Q&A with Sunday Suppers + Recipe
We’ve been admiring food stylist Karen Mordechai and her communal dinner series, Sunday Suppers, for some time now, and have been using her black sea salt and vegetable-dyed napkins in our own kitchens non-stop. Karen recently spoke with us about her work and shared one of her recipes.
What prompted the transition from making dinner with friends in your apartment to larger scale cooking parties with strangers?
In the Spring of 2009, my husband and I started hosting communal cooking dinners in our apartment. The dinners were taught by a guest chef — we sourced local and seasonal ingredients, set a table and dined together. We started a blog for photos and recipes from the dinners. The posts started going viral, guests and strangers began emailing us to attend, and the rest is history.
Supper clubs and dinner parties are definitely having a moment. We’d love to hear your thoughts (or guesses) as to why you think this is happening now.
Food has always been a central notion through the ages. I think there is now an exciting awareness and a deeper understanding of what and how we integrate food into our lives. We are all digging a little deeper into the elements of our food system, where it comes from, the integrity of its sourving, the distance it has traveled and then also how we prepare it and present it to our friends and family. I think people are excited to roll up their sleeves and get more involved.
We’re intrigued by your black sea salt, which has a unique, almost smoky flavor. How do you recommend using it?
The black sea salt is infused with coconut shell charcoal, providing the smoky flavor and deep black color that makes it a striking garnish.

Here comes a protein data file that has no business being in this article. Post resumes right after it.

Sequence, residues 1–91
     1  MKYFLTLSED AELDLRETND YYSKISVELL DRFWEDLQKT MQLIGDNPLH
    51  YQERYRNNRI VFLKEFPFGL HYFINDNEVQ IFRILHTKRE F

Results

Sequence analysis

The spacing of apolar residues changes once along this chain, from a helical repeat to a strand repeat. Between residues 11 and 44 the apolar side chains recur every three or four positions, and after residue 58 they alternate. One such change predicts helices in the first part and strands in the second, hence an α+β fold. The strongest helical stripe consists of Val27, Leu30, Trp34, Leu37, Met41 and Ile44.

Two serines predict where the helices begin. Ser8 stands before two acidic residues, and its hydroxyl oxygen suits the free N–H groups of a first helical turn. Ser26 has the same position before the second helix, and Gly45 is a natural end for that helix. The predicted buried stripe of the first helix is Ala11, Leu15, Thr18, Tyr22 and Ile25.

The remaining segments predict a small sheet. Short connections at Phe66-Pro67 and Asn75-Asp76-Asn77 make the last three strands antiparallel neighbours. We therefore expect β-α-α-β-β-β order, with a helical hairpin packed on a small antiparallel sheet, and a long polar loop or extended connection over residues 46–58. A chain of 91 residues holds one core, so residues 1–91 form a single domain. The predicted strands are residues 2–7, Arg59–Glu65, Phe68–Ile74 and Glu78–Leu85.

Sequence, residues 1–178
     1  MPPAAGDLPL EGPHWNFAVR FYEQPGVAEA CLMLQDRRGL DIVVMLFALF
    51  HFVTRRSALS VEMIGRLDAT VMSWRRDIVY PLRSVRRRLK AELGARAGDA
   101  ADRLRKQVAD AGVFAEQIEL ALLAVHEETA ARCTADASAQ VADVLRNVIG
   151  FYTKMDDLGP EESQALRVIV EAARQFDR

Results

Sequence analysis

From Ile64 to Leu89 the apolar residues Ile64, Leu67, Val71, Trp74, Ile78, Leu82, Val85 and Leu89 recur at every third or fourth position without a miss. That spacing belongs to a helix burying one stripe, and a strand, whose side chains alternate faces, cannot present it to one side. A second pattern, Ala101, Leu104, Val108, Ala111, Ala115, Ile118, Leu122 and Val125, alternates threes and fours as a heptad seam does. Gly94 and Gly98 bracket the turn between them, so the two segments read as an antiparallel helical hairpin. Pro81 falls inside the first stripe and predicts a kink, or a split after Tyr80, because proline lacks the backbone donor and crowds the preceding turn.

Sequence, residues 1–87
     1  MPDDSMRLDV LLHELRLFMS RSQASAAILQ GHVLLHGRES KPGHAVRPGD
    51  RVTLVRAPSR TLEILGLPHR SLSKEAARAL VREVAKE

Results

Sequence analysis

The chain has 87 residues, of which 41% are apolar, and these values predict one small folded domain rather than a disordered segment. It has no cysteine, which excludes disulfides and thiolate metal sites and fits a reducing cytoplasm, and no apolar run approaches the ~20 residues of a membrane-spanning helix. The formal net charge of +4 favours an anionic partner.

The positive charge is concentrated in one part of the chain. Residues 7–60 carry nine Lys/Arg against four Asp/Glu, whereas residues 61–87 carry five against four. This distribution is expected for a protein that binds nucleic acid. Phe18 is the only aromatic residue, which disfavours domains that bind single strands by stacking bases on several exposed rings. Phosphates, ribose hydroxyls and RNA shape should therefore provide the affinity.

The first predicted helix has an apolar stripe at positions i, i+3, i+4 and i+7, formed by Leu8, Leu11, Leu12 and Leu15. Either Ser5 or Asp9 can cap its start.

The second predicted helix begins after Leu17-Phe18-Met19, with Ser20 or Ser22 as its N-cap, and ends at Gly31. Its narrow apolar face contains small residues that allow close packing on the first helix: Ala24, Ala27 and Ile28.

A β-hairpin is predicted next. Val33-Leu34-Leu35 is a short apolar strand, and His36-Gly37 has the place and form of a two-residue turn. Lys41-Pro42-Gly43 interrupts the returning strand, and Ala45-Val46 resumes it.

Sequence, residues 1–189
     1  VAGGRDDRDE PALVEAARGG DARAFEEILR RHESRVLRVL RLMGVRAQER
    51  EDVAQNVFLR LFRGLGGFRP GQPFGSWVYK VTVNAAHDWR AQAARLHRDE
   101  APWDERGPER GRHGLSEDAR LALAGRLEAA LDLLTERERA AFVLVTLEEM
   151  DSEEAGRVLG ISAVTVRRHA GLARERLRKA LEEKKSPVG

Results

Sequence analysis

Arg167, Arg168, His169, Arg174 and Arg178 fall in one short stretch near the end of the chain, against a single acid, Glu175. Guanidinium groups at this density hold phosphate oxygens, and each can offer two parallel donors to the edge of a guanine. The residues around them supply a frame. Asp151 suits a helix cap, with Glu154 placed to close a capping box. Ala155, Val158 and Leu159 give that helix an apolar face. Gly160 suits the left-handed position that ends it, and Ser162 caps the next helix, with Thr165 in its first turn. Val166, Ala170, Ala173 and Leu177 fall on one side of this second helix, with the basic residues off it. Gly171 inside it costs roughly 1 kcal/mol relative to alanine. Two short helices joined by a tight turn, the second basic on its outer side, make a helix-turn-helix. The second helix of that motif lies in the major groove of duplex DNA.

We love using black sea salt over buttered toast, salads and cheeses, and recently even on our ice cream.
Tell us a bit about the vegetable dyed napkins you’re making. Which vegetables do you like to use?
We use different ingredients for the colors of the season. In our last experimentation we used avocado (pits and peels), pomegranate and sumac. They all make beautiful earthy tones.
What’s a lesson you’ve learned from hosting dinners that you can pass on to us?
It sounds cliched but organization really is everything — I’ve learned this over and over. I am still learning — after each event I write a little note of my new lessons. But for the most part I would say don’t fuss, plan things out and then remember that it’s not that big of a deal, just relax and enjoy the food and company – that is really the most important part.
When you’re not cooking, where do you like to eat?
There are so many great restaurants these days. Some of my very favorites include Diner, Balaboosta, Taim, Reynard’s, The Butcher’s Daughter, City Bakery, Cafe Habana, Roberta’s, and Russ and Daughter’s Cafe.
If we feel the urge to photograph our meal, are there any tips you can share for taking a great picture?
Use natural light, don’t be afraid to pull back and capture the whole scene or get super close, don’t be timid, and most importantly, be playful and experiment. You are sure to learn along the way.
Karen’s recipe for Crostini with Creme Fraiche and Purple Cabbage
1/2 head purple cabbage, shredded
1 tablespoon red wine vinegar
2 tablespoons extra virgin olive oil
8 slices country loaf, sliced 1/2-inch thick
1 clove garlic, halved
1 cup creme fraiche
sea salt to taste
Preheat the oven to 425 F.
Toss the cabbage with vinegar and olive oil and spread onto a parchment lined baking sheet. Roast for 15-20 minutes until just crispy.
Brush the olive oil over one side of each bread slice, and place them in a single layer on a baking sheet. Toast the bread, flipping the slices once, until golden brown (about 8 minutes).
Rub the toast with the halved garlic clove. Spread with creme fraiche and top with olive oil and sea salt to taste.
Makes 8 slices
Many thanks to Karen! You can find Sunday Suppers black sea salt and vegetable dyed table linens at our Home Shop and Chelsea store.
- Photos by Karen MordechaiThis entry was posted on Tuesday, June 3rd, 2014 at 7:03 pm and is filed under Food, In Stock. You can follow any responses to this entry through the RSS 2.0 feed.comments closed +SHARE
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